Little boy blue, with paper and glue,
Built a Möbius horn, though derided.
  Then under the moon
  He tried to play tunes,
But his notes were all flat and one-sided.  

by Wesley Rodgers

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Wesley Rodgers is on the wrong side of fifty. Been writing most of his life. Born and bred in Darwen, England (where he still lives). He's single (no offers of marriage please). He's been a retail manager. Banker. Postman.


I Heard a Ringtone

I heard a ringtone—when I died
Aunt Sue was calling Mom.
My brother Tom was texting Sis
"Come qkly to the rm."

Sis texted back, then shed a tear
and searched boneyards.com
to find my final resting place
somewhere not far from town.

I willed my iPad, Kindle, phone
and laptop to my kid—
unfriended all my Facebook pals
made my last eBay bid,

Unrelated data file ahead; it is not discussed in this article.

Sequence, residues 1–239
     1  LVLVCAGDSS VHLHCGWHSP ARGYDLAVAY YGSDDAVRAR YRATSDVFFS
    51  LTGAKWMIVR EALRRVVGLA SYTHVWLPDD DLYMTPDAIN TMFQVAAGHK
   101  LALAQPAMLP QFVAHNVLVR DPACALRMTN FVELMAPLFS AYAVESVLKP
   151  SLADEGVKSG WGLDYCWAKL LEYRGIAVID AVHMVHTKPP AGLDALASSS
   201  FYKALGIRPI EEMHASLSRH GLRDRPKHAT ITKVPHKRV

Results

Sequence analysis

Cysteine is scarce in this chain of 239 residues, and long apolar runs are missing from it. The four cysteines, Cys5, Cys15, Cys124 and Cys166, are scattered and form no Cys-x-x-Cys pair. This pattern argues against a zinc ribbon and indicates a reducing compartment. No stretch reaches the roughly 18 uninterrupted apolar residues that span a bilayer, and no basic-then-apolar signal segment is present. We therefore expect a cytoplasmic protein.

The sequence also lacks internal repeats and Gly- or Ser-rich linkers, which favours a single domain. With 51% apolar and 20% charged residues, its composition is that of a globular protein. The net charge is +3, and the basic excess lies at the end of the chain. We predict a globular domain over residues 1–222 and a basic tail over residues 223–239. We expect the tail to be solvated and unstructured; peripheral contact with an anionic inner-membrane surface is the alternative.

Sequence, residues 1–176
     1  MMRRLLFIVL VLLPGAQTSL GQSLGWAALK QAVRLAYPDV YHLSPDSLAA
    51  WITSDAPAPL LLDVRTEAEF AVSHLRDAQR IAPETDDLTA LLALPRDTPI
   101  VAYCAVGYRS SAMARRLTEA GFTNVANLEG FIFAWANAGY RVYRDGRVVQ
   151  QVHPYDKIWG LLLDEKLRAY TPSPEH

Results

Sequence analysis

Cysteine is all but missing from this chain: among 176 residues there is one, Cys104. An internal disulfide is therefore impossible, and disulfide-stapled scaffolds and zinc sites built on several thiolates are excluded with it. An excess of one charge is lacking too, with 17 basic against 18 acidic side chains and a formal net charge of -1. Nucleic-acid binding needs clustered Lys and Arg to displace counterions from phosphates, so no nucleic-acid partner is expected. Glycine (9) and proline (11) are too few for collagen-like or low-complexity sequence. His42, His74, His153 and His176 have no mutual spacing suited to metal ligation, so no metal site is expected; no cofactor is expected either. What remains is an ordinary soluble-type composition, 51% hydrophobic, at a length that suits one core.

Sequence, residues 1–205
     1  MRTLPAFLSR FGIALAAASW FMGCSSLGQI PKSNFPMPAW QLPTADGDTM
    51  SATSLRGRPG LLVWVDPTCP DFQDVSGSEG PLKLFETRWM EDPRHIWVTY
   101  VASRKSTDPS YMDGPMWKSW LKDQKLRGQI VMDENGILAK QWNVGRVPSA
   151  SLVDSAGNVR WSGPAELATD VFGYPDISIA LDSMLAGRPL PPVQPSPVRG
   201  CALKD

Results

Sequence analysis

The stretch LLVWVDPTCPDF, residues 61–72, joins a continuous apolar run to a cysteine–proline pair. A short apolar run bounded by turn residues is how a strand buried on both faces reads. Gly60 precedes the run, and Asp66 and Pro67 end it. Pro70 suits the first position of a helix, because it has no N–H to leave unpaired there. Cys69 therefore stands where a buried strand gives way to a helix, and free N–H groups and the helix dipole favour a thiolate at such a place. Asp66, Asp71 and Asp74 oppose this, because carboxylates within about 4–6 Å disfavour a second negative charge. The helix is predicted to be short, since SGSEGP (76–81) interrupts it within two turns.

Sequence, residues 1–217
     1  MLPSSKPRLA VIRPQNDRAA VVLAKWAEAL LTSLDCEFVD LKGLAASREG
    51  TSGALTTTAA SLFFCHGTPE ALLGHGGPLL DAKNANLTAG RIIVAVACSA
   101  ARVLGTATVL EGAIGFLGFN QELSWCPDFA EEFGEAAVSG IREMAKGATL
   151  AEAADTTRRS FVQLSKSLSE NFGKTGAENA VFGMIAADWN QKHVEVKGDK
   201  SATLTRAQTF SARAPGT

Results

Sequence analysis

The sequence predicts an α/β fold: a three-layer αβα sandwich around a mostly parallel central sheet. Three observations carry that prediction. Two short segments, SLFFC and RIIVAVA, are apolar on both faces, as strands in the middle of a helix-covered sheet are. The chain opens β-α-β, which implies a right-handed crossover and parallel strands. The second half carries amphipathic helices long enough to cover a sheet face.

Just then the bedside monitor
began to beep so loud
and Windows failed, but not before
it saved me—to the cloud.

by Patrick Cook

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Patrick Cook used to work for the post office. Nothing so glamorous as carrying mail or serving customers at the window. No, he drove the forklift on the loading dock, emptied elevators, sorted letter trays. The mundane nature of the work is what inspired him to write poetry. It's the same instinct that drives a prisoner to cultivate a flower. Of course, parodies are a fairly low form of poetry, but who cares?